Investors have long praised Warren Buffett’s ability to pick which stocks to invest in. Lauded for consistently following value investing principles, Buffett has a net worth of $80.8 billion as of Oct. 2019, according to Forbes. He has resisted the temptations associated with investing in the “next big thing,” and has also used his immense wealth for good by contributing to charities. With his uncanny ability to uncover long-term profitable investments, it's understandable most investors would like to know exactly what Buffett looks for in a stock. We answer that question in this article.
Value Investing for Choosing Stocks
Understanding how Warren Buffett selects winning stocks starts with analyzing the investment philosophy of the company he is most closely associated with, Berkshire Hathaway. Berkshire has a long-held and public strategy when it comes to acquiring shares. The company should have consistent earning power, a good return on equity (ROE), capable management, and be sensibly-priced.
Buffett belongs to the value investing school, popularized by Benjamin Graham. Value investing looks at the intrinsic value of a share rather than focusing on technical indicators, such as moving averages, volume, or momentum indicators. Determining intrinsic value is an exercise in understanding a company’s financials, especially official documents such as earnings and income statements.
There are several things worth noting about Buffett's value investing strategy. To guide him in his decisions, Buffett uses several key considerations to evaluate the attractiveness of a possible investment.
How Has the Company Performed?
Companies that have been providing a positive and acceptable return on equity (ROE) for many years are more desirable than companies that have only had a short period of solid returns. The longer the number of years of good ROE, the better. In order to accurately gauge historical performance, an investor should review at least five to 10 years of a company's ROE.
*When looking at a company's historic return on equity (ROE), it's also essential to compare this with the ROE of the company's top competitors in the same industry.
How Much Debt Does the Company Have?
Having a large ratio of debt to equity should raise a red flag because more of a company’s earnings are going to go toward servicing debt, especially if growth is only coming from adding on more debt.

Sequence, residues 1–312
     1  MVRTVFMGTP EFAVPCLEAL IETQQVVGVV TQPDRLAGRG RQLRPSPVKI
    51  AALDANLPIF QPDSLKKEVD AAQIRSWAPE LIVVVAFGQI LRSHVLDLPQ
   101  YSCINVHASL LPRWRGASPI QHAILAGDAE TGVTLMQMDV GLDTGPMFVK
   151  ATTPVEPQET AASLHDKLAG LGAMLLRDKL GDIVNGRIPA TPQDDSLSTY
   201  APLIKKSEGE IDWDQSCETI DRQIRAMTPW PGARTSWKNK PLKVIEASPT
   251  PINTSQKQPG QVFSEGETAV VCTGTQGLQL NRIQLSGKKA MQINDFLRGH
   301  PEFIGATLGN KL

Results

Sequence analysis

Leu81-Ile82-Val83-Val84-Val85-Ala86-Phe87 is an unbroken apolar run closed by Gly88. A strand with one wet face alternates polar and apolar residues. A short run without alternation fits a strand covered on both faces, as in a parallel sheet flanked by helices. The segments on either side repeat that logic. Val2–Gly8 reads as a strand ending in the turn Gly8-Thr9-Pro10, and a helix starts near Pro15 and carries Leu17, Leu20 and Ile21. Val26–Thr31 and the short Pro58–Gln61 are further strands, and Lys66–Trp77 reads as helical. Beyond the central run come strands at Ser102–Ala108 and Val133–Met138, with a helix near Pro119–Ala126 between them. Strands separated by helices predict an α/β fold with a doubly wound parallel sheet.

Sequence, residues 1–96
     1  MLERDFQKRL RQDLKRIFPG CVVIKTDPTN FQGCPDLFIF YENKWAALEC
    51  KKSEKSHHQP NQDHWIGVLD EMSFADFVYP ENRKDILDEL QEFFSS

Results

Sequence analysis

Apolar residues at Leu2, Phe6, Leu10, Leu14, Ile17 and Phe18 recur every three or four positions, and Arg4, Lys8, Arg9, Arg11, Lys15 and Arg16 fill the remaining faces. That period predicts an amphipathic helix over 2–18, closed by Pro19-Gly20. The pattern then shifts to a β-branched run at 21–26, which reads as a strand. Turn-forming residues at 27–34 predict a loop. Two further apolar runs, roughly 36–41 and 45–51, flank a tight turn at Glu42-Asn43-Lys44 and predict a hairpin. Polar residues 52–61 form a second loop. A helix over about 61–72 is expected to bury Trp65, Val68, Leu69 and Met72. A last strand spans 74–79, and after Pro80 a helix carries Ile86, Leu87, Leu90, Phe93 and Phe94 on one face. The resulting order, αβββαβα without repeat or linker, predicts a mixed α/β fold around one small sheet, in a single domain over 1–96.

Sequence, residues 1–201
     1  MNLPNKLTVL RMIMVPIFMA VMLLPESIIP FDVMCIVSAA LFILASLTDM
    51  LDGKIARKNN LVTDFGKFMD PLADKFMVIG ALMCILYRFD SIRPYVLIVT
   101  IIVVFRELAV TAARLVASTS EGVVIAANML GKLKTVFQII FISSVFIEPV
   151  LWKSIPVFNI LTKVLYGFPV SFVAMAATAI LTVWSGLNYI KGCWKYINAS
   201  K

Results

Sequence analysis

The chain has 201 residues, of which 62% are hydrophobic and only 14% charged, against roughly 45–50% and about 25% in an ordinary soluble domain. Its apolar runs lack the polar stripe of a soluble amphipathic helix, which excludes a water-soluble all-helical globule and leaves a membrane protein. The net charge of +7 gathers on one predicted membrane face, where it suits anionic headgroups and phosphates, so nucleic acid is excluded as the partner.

Instead, Buffett prefers earnings growth to come from shareholders' equity (SE). A company with positive shareholders' equity means the company generates enough cash flow to cover its liabilities and is not relying on debt to keep it afloat. For Buffett, low debt and strong shareholders' equity are two key components for successful stock picking.
How Are Profit Margins?
Buffett looks for companies that have a good profit margin, especially if profit margins are growing. As is the case with ROE, he examines the profit margin over several years to discount short-term trends. To stay on Buffett's radar, a company's management should be adept at growing their profit margins year-over-year, a sign that management is also good at controlling operating costs.
How Unique Are the Company's Products?
Buffett considers companies that produce products that can easily be substituted to be riskier than companies that provide more unique offerings. For example, an oil company’s product—oil—is not all that unique because clients can buy oil from any number of other competitors.
However, if the company has access to a more desirable grade of oil—one that can be refined easily—then that might be an investment worth looking at. In this case, the company's desirable grade of oil could be a competitive advantage that helps it earn profits through greater sales and margins.
How Much of a Discount Are Shares Trading At?
This is the crux of value investing: finding companies that have good fundamentals but are trading below where they should be—the greater the discount, the more room for profitability.
The goal for value investors like Buffett is to discover companies that are undervalued compared to their intrinsic value. An opportunity to buy at a discount exists when a company's current market value is cheaper than its intrinsic value. While there is no exact formula for calculating intrinsic value, investors will look at a variety of factors—such as corporate governance and future earnings potential—to estimate intrinsic value.
The Bottom Line
Beyond his value-oriented style, Buffett is also known as a buy-and-hold investor. He is not interested in selling stock in the near-term to realize capital gains; rather, he chooses stocks that he believes offer good prospects for long-term growth. This leads him to move focus away from what others are doing. Instead, he looks at whether a company is in a solid position to make money moving forward and if its stock is sensibly-priced.